THE futile search for a swimmer missing off Portsea back beach on Sunday last week was an emotionally and physically draining exercise for Volunteer Marine Rescue crews from Mornington and Hastings.
They were unable to find missing Narre Warren engineering student Khalil Nabizadah, 23, whose body was washed up at Portsea on Wednesday afternoon. Police are preparing a report for the coroner.
Two other men were rescued: a 22-year-old Cranbourne West man was taken to the Royal Melbourne Hospital and said to be in a stable condition, while a 23-year-old Cranbourne man did not require medical treatment.
The rescue attempt was part of a challenging 72 hours for VMR crews in which they responded to 10 call-outs, cruised more than 200 nautical miles (360 kilometres), using 1500 litres of fuel costing around $2000.
Former VMR president Tim Warner said of the Sunday 6pm alert: “Swimmers missing off London Bridge is one call we do not like to receive”.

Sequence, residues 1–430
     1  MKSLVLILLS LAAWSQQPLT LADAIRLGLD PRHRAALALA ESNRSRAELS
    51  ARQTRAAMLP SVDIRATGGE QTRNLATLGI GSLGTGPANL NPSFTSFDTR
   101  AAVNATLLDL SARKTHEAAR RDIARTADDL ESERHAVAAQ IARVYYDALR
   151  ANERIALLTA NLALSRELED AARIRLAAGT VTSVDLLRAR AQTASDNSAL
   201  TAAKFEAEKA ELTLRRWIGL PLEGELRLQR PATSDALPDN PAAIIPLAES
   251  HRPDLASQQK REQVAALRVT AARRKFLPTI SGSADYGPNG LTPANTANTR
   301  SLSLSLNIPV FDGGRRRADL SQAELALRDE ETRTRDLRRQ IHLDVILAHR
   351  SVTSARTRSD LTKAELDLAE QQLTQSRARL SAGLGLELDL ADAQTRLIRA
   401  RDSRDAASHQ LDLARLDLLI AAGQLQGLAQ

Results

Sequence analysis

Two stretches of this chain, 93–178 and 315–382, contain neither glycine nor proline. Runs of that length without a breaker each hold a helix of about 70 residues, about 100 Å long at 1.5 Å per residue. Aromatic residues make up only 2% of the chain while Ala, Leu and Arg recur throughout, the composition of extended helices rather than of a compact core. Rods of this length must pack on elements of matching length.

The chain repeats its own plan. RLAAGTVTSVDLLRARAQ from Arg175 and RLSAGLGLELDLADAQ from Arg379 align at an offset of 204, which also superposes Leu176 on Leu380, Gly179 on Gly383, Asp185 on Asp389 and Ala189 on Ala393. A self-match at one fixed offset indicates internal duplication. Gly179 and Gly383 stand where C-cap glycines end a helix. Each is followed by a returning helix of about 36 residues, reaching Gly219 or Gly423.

Responding to the emergency, the Mornington vessel Darbyshire III battled “pretty bad conditions [going] out through The Rip”, he said.
“Our Hastings boat Alwyn Tamo came around from Western Port in heavy seas to join in the search, along with the Westpac helicopter.
“[The other] swimmers made it to shore but, sadly, the other was not located.
After a few hours searching, conditions deteriorated, and both vessels headed for home.”
Alwyn Tamo skipper Neil Cooper said: “Coming around West Head [Flinders], we encountered huge waves that made it a very uncomfortable trip. The same for Mornington’s vessel coming back through The Rip with a strong ebbing tide.”
In other jobs, the VMR crews assisted a boat with a blown motor at Seal Rocks, and a boat with air-contamination in the fuel tank. They towed a vessel off the mud at Corinella at 9 o’clock one night and, as soon as it was clear, received a call to assist a steel yacht with a blown motor five nautical miles off Woolamai. They reached Cowes at 4am next day.
Other broken-down vessels were towed from: Carrum to Altona, Mt Martha to Sorrento, and Mud Island to Martha Cove.
And still the work continued: On Monday 8 February the Darbyshire III spent nine-and-a-half hours assisting the Air Ambulance re-accredit its winch operators – and all of that in 72 hours.
VMR is always looking for new members or support. Details: vmrmornington.com.au for details.